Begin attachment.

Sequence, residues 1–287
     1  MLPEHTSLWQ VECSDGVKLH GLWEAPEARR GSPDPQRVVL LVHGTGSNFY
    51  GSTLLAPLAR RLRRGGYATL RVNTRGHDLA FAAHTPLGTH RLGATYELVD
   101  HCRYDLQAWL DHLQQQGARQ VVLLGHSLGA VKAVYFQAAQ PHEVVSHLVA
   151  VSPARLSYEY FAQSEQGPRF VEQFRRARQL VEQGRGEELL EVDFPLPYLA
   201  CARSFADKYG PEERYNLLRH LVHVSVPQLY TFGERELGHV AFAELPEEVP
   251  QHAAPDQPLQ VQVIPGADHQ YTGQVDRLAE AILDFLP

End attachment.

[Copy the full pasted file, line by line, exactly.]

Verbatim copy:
Sequence, residues 1–287
     1  MLPEHTSLWQ VECSDGVKLH GLWEAPEARR GSPDPQRVVL LVHGTGSNFY
    51  GSTLLAPLAR RLRRGGYATL RVNTRGHDLA FAAHTPLGTH RLGATYELVD
   101  HCRYDLQAWL DHLQQQGARQ VVLLGHSLGA VKAVYFQAAQ PHEVVSHLVA
   151  VSPARLSYEY FAQSEQGPRF VEQFRRARQL VEQGRGEELL EVDFPLPYLA
   201  CARSFADKYG PEERYNLLRH LVHVSVPQLY TFGERELGHV AFAELPEEVP
   251  QHAAPDQPLQ VQVIPGADHQ YTGQVDRLAE AILDFLP